Working on a project, one literally never sees the light of day. Once my husband and I rent a flat to live closer to work to spend less time on our way to it. My friend was giving me a lift home for three months. Once we were close to my house, when I looked out of the window and said: “That is not my house”. She told me that she had been driving me there for three months. I noticed a blue shop near the house and said: “I would have remembered such a bright spot, as we had some dark shop nearby”. Then I saw my husband going out of the hallway and asked him: “Was the shop repainted?” He said, that it always was the same, I just came home early for the first time in three months…
Being tired, sometimes you start to doubt your sanity. Once we had a terrible firefighting. We barely had time to edit the video and inserted the cassette just when the host was saying: “Let’s find out by watching our footage”. We were still shocked. It was already dark in the television centre when we went out of the elevator and saw two white sheep. At that moment, I thought I went insane. It was clear I had an eloquent facial expression. Our administrator, whom I did not notice, said: “Do not be afraid. Everything is fine. We need the animals for the show”.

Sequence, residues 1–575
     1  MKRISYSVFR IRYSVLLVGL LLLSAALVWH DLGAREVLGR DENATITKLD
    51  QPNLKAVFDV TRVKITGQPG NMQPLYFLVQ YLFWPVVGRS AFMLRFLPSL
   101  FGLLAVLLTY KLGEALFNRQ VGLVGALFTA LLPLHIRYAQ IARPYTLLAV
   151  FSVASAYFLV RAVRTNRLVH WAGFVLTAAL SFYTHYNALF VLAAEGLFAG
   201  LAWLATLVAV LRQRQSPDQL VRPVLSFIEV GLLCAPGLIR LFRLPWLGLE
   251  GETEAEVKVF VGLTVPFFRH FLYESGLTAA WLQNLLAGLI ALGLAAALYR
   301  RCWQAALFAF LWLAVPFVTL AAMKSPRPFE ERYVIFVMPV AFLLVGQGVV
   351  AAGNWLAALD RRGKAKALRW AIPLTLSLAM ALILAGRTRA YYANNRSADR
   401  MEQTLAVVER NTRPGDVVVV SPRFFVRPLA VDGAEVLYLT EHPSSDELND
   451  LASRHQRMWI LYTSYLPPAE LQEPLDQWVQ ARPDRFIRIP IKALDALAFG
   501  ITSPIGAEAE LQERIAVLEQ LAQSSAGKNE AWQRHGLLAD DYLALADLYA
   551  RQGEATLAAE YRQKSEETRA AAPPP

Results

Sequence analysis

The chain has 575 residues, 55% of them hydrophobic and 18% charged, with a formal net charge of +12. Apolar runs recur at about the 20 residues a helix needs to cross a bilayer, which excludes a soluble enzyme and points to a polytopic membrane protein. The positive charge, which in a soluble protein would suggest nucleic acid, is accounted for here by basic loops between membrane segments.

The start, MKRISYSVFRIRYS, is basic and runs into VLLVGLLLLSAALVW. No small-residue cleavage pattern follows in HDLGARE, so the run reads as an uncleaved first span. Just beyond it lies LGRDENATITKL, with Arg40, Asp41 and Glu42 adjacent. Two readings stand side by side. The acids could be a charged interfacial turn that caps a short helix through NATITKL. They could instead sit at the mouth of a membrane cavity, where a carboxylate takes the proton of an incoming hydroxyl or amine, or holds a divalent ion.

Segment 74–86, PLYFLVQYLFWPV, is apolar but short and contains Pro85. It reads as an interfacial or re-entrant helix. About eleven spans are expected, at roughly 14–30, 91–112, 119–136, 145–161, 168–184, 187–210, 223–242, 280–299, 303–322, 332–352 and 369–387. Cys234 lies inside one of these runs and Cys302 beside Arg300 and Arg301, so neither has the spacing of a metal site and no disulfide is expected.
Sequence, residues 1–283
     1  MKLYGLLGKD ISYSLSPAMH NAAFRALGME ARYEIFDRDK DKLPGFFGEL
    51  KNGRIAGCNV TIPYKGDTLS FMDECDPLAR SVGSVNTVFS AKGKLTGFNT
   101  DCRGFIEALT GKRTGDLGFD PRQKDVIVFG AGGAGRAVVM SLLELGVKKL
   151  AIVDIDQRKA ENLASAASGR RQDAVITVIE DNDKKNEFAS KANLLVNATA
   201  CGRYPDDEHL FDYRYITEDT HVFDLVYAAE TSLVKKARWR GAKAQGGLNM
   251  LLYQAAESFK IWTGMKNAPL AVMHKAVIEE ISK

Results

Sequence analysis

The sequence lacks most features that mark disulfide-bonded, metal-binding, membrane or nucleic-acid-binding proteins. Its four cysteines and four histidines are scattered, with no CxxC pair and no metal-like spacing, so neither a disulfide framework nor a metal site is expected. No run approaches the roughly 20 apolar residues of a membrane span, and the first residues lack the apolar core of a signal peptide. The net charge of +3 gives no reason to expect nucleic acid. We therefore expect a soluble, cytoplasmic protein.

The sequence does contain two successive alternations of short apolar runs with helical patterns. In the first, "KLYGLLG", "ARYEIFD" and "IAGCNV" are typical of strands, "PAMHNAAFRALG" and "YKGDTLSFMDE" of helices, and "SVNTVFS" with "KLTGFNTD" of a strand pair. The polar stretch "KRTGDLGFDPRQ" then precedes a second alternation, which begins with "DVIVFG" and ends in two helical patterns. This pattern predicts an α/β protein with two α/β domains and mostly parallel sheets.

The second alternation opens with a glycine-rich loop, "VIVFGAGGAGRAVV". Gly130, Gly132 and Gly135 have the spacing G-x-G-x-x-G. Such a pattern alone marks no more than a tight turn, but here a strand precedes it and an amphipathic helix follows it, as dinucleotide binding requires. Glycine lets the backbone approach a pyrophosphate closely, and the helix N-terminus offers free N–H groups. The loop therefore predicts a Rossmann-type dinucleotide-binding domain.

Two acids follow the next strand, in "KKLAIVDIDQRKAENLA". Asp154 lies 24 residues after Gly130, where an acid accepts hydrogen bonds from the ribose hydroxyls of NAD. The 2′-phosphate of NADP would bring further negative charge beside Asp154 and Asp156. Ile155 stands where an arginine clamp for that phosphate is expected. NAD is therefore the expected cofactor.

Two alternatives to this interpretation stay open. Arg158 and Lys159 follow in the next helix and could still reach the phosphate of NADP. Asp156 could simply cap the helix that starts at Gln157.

- How did you start working with the topic of space?
- Bad journalism caused it. As an editor-in-chief and a producer, I made many shows for national television. At some point, the situation changed drastically. Our bosses began claiming yellow material. I understood I could not work for big channels anymore. The last straw was when they asked me to write the synopsis for a documentary about a great person, saying the following: “Concoct some mistress for him to make it interesting to watch”. I turned it down, of course. And then I got the offer from Carousel channel for children. They wanted me to work on Space Time show. I was very glad to get it. Firstly, I consider production of children’s shows a noble work. Secondly, we had a very harmonious and professional team. Thirdly, space is so interesting! My former colleagues were shocked: “Are you out of your mind? Carousel after Channel One…” However, I am interested in the work itself, not in some success markers. Thus, I was joyfully creating the children’s show for several years. We communicated with great people from cosmonauts to scientists. They are amazing! Compared to some artists, communicating with people who really do their jobs and are humble is truly joyful. However, it is harder to create a show for children. It is nearly impossible to describe engine design for everyone to understand and enjoy it.